Photo via mickeymox via Flickr CC
Researchers from Newcastle University have published a new study in Nature Geoscience illustrating that the chemical make-up of our early oceans may have delayed the evolution of life on our planet by as much as 1 billion years. Their research shows for the first time a chemical "layering" in the oceans that kept oxygen from reaching the deep ocean. That lack of oxygen may explain the long wait for development of life, and the sudden boom of animal life later on. According to PhysOrg, "Using novel geochemical techniques developed by Newcastle University's Dr Simon Poulton, the team found that beneath oxygenated surface waters, mid-depth oceanic waters were rich in sulphide about 1.8 billion years ago, conditions that may have persisted until oxygenation of the deep ocean more than1 billion years later. These widespread sulphidic conditions close to the continents, coupled with deeper waters that remained oxygen-free and iron-rich, would have placed major restrictions on both the timing and pace of biological evolution."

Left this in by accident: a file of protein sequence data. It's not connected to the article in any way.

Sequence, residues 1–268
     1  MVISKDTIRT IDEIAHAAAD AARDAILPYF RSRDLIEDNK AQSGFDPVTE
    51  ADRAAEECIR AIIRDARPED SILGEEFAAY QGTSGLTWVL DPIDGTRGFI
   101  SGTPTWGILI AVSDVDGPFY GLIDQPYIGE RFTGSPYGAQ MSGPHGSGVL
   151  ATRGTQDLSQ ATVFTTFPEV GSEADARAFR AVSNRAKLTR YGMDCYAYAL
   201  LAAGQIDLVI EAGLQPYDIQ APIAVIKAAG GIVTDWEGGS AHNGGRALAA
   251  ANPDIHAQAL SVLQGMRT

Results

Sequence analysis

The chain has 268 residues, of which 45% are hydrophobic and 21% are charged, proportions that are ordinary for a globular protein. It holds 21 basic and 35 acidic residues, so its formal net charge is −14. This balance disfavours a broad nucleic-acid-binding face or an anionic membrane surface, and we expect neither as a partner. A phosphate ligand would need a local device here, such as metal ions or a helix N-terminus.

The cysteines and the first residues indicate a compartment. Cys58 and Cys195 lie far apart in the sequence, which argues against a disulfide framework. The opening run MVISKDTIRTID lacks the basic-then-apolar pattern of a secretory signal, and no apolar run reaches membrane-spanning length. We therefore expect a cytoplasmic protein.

Dr. Poulton states, "This has major implications as it would have potentially restricted the evolution of higher life forms that require oxygen, explaining why animals appear so suddenly, relatively late in the geological record."
As scientists study the co-evolution of the environment and life on our planet, the chemical make-up of the ocean during this timeframe is much-needed information. Currently, we're experiencing a rise in the acidity of oceans - which impacts everything from shell fish to corals to jellyfish - as well as expanded dead zones, or oxygen-depleted areas where marine life is unable to survive. Understanding how species evolve in an ocean with a chemistry that is beginning to mirror these prehistoric conditions is vital to protecting marine life struggling to adapt today.
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